A Church of Ireland archdeacon has branded a requirement under the new anti-smoking legislation for churches to display no smoking signs as "overkill".
Smoking will be banned in workplaces from 30 April
From the end of this month all places of worship in Northern Ireland will have to erect such signs, measuring at least 148mm x 210mm, at public entrances.
The Ven Phillip Patterson told the Church of Ireland Gazette that he felt this particular manifestation of the Smoking (Northern Ireland) Order 2006, which will make it illegal to smoke in virtually places of work or enclosed public spaces from 30 April, was "unnecessary".
He continued: "Some churches besides being places of worship are quite beautiful buildings, and indeed are listed buildings. I think this requirement of having to put up no smoking signs will only detract from them.
"I think of my own church, Knockbreda Parish Church in Belfast, which is a grade A listed building, and many other fine church buildings.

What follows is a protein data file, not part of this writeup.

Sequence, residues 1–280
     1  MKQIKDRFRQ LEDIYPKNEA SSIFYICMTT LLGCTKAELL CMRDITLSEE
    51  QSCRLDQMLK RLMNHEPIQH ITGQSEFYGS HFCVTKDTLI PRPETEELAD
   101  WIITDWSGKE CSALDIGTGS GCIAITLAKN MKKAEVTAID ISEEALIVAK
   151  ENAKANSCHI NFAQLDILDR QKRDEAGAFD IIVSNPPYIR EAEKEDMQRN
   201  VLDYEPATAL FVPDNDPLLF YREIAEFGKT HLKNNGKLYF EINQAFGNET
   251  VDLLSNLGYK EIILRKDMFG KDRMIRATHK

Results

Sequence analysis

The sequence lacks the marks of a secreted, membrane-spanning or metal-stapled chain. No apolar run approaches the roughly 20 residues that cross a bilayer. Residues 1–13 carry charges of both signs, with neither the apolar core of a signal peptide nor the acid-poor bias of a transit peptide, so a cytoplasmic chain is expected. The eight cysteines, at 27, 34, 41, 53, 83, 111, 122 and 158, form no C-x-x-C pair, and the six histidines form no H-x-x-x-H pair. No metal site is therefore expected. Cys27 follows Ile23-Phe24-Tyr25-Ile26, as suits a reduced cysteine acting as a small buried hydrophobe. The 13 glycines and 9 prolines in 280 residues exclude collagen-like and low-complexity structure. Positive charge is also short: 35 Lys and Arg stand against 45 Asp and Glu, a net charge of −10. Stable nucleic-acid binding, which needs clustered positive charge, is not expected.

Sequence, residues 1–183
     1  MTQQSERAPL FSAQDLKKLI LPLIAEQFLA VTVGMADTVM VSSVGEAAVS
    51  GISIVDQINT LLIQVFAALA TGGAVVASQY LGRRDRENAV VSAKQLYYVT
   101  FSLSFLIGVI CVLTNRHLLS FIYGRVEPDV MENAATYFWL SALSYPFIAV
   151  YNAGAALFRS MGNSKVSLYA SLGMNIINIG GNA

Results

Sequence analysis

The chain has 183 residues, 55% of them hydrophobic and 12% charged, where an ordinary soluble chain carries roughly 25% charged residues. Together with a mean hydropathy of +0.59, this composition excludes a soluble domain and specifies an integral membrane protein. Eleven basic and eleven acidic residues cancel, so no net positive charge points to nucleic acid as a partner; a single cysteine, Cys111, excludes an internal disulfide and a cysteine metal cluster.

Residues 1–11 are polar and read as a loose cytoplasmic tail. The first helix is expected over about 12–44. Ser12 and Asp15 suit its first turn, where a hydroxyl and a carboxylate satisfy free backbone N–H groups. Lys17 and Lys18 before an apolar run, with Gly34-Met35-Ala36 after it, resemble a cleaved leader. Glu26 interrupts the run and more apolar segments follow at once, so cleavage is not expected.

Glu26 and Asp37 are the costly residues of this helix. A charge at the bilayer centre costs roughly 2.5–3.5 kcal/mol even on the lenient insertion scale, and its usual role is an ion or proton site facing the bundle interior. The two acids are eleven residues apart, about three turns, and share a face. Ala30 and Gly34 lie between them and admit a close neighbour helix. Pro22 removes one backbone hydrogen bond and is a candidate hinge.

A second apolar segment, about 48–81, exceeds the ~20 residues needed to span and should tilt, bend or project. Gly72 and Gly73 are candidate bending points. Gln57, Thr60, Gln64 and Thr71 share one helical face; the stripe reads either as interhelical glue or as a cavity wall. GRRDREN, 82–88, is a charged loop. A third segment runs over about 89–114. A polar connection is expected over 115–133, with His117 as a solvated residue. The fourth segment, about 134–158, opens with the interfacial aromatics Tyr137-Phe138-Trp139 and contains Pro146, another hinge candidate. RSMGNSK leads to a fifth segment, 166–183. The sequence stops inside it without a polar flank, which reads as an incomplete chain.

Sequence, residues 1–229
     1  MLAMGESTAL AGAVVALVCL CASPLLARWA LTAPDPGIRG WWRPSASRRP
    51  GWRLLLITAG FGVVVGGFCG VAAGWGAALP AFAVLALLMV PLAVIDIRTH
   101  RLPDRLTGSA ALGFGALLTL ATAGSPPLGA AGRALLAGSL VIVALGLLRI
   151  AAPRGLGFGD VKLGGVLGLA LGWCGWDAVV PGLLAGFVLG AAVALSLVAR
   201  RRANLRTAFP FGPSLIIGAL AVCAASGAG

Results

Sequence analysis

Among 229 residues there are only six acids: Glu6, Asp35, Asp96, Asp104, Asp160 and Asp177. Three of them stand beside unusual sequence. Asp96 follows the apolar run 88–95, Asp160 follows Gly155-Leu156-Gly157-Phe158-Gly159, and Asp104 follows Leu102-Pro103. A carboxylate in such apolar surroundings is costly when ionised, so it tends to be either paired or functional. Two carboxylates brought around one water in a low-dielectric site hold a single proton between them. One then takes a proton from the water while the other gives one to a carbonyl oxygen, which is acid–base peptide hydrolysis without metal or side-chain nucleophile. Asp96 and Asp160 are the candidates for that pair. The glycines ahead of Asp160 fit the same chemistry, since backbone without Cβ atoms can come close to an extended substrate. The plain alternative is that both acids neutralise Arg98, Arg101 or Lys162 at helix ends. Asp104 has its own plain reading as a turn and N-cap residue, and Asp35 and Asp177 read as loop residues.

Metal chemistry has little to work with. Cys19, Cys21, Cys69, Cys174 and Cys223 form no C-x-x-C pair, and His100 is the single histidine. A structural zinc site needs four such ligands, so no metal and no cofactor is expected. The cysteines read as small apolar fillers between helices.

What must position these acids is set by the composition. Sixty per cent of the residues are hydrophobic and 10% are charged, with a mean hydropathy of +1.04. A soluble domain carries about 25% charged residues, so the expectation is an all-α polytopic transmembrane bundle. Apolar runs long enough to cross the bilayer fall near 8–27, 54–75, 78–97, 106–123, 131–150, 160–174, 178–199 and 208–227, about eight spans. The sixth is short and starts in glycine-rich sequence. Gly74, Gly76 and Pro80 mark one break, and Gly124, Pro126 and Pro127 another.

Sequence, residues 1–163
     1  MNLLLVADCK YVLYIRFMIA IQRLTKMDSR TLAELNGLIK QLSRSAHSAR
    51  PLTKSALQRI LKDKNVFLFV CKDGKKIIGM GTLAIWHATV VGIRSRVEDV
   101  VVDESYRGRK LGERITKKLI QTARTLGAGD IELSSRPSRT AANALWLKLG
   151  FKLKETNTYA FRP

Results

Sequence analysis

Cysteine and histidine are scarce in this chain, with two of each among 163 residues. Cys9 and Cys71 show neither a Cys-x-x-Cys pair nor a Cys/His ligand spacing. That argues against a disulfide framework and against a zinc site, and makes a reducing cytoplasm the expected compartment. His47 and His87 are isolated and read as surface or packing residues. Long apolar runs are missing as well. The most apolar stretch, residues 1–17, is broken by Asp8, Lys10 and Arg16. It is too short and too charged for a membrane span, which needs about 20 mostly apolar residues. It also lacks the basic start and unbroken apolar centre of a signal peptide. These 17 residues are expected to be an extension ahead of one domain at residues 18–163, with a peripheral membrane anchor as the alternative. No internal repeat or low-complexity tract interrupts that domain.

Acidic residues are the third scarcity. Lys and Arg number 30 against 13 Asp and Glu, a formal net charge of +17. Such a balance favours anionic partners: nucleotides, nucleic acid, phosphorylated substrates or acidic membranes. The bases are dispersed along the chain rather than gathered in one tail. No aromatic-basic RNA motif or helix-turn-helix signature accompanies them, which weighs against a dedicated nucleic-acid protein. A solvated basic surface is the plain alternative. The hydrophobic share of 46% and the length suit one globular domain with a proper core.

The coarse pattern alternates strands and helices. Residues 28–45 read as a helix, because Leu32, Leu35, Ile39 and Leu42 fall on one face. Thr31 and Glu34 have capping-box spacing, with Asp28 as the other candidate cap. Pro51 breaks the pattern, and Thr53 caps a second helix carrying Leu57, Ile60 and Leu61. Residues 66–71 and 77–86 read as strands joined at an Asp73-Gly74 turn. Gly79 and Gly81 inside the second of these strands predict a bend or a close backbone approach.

"Other pieces of legislation have been derogated from: churches which are listed don't have to display emergency exit signs, for example, and I think that a similar step would be appropriate here."
The Archdeacon of Down added that in all his years' service he had never seen anyone smoking in a church, however, he admitted he had seen someone lighting up in a church hall.
A spokesman for the Department of Health said: "I accept, without reservation, that there is a long tradition not to smoke in churches but, as I am sure people will appreciate, to have provided an exemption would have created a dangerous precedent."
Kathleen Quinlan of Ireland's Office of Tobacco told the same publication that no smoking signs had been required in churches south of the border since 2004.
She added, however, that the relevant piece of legislation did not specify the precise location.